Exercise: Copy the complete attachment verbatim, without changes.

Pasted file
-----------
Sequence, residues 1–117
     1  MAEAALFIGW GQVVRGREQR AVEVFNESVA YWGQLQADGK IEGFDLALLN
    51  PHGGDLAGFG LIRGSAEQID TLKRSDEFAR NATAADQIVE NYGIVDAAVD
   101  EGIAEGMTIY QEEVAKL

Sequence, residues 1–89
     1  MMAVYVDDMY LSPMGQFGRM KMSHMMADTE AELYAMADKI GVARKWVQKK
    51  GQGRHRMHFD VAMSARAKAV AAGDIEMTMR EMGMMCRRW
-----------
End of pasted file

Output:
Sequence, residues 1–117
     1  MAEAALFIGW GQVVRGREQR AVEVFNESVA YWGQLQADGK IEGFDLALLN
    51  PHGGDLAGFG LIRGSAEQID TLKRSDEFAR NATAADQIVE NYGIVDAAVD
   101  EGIAEGMTIY QEEVAKL

Sequence, residues 1–89
     1  MMAVYVDDMY LSPMGQFGRM KMSHMMADTE AELYAMADKI GVARKWVQKK
    51  GQGRHRMHFD VAMSARAKAV AAGDIEMTMR EMGMMCRRW